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Unbranched Bur-reed

Sparganium emersum

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Plant Profile

Flowering Months:
Sparganiaceae (Bur-reed)
Also in this family:
Life Cycle:
Maximum Size:
60 centimetres tall
Bogs, ditches, ponds, swamps, water, waterside, wetland.

Green, no petals
Similar to Branched Bur-reed (Sparganium erectum) but with far fewer flowerheads. However, the main difference is that the flowerheads are unbranched. Unbranched Bur-reed is also a shorter plant than Branched Bur-reed. Wind-pollinated.
Spherical burr-like, spiky. The fruits are with slender beaks.
Floating stems (up to 2 metres long) often producing parallel lines in rivers and streams. Some leaves are erect, emerging out of the water. Perennial.
Other Names:
European Bur-reed, Floating Bur-reed, Simple Bur-reed, Simplestem Bur-reed, Submerged Bur-reed.
Frequency (UK):

Similar Species

Other Information


Sparganium emersum, also known as submerged bur-reed or floating bur-reed, is a species of flowering plant in the family Typhaceae. It is native to North America and is commonly found in wetland areas, such as marshes, swamps, and along the edges of ponds and lakes. S. emersum is an aquatic perennial that grows to a height of up to 1.5 meters. It has long, narrow, green leaves and small, brown or green flowers that are surrounded by a dense, sausage-shaped inflorescence. The plant is valued for its medicinal properties and has been used to treat a variety of ailments, including respiratory problems and skin conditions. It is also used as a food source and is an important habitat plant for a variety of wildlife species. S. emersum is also grown as an ornamental plant in water gardens and is known for its ability to tolerate wet, muddy soil.


Unbranched Bur-reed (Sparganium emersum) is a species of aquatic perennial plant that belongs to the family Sparganiaceae. It is commonly found in shallow ponds, lakes, and other slow-moving bodies of water in North America, Europe, and Asia. The plant has a robust stem, typically growing up to 2m tall, with lance-shaped leaves that emerge from the water.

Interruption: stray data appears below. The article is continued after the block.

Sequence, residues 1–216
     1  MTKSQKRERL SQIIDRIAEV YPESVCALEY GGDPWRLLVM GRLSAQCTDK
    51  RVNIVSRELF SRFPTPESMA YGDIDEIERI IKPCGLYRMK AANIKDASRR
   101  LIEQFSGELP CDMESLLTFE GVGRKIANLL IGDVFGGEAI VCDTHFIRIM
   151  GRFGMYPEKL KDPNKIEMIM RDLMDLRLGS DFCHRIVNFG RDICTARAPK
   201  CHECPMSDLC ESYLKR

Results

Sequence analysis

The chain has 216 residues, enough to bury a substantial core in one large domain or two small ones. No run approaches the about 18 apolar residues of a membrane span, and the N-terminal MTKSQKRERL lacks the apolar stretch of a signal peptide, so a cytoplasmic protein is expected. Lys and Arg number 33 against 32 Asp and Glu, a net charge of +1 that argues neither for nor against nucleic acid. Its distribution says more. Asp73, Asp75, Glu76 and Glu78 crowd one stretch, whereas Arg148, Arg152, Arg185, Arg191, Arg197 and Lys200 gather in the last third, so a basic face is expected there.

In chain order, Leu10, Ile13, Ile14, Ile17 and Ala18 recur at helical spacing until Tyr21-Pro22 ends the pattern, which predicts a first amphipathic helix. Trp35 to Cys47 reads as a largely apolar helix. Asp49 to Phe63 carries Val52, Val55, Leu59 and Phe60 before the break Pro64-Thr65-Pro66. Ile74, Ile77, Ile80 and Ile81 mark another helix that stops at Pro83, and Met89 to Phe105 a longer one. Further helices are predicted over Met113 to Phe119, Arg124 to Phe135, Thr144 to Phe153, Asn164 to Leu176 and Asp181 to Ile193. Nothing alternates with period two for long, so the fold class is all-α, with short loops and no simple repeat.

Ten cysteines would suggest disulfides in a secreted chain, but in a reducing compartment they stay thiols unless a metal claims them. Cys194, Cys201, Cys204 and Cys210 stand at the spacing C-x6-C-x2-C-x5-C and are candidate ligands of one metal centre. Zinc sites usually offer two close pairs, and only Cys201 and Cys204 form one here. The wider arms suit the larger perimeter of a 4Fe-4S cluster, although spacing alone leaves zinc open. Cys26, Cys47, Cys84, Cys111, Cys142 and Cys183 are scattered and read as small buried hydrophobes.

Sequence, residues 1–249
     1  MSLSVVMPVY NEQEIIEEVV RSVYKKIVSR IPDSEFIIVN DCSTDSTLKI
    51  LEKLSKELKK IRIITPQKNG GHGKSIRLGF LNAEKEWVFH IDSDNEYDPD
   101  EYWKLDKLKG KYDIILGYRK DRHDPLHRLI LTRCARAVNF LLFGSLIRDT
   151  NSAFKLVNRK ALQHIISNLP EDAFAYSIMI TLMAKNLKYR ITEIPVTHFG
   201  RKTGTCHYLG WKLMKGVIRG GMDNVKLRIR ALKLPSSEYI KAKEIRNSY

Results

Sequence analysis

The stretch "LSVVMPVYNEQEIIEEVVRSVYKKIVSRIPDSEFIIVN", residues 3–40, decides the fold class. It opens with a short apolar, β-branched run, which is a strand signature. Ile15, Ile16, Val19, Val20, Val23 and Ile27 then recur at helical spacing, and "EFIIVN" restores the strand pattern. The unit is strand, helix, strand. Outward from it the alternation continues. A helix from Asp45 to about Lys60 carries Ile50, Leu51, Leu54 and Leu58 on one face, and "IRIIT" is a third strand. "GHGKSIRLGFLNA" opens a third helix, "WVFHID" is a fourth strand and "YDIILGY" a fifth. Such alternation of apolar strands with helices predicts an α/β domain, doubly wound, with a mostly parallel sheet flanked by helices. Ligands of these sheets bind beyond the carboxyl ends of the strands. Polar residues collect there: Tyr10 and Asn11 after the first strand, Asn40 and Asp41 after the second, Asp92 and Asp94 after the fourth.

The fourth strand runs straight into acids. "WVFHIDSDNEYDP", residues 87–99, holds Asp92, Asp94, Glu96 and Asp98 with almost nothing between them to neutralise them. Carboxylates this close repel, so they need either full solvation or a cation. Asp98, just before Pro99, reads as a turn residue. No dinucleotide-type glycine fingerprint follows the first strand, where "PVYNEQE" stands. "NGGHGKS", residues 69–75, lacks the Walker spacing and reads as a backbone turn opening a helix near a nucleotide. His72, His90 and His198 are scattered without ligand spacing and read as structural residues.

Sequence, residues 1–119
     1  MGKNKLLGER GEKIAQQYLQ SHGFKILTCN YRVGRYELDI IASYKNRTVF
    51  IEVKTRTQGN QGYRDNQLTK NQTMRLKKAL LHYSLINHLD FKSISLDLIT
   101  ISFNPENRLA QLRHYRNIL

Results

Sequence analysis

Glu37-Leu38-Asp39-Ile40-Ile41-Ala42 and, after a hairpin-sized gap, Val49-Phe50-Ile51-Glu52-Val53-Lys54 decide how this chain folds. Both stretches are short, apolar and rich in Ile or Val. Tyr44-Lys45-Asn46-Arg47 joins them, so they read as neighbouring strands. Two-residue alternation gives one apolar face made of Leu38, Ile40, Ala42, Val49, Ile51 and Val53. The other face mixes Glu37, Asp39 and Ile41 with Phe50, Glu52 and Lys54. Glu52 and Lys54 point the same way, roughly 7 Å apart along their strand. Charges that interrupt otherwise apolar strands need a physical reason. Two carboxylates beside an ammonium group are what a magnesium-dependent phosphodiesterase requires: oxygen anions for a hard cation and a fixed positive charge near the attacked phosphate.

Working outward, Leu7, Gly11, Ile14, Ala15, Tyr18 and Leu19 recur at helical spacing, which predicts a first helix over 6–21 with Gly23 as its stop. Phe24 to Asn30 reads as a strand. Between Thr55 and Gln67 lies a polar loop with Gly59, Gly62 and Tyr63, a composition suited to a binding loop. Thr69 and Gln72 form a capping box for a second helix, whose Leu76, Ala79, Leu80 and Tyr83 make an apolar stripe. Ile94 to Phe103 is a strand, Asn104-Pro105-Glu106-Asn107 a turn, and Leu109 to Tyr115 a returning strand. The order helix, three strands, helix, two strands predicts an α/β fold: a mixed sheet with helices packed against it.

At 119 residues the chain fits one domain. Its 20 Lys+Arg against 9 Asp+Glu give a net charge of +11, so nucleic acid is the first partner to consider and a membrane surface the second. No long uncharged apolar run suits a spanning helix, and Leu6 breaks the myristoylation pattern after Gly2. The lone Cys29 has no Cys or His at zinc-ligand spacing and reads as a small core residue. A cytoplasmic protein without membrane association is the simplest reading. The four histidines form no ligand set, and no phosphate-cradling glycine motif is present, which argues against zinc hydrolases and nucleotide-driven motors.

One of the defining features of the Unbranched Bur-reed is its large, globular, and air-filled inflorescence that resembles a ball floating on the water surface. These inflorescences can range in color from green to yellow, depending on the time of year, and are a popular food source for various species of birds and mammals, including ducks and beavers.

In addition to its ornamental value, the Unbranched Bur-reed also provides important ecological benefits. The plant serves as a crucial food source for aquatic organisms, providing habitat and shelter for small fish and invertebrates. The plant's roots also help to filter pollutants from the water, making it a valuable tool in the effort to maintain clean waterways.

Despite its widespread distribution and ecological importance, the Unbranched Bur-reed is considered a non-invasive species, meaning it does not pose a significant threat to native ecosystems. As such, it is often used in the restoration of wetlands and other aquatic habitats, as well as in the creation of constructed wetlands for wastewater treatment.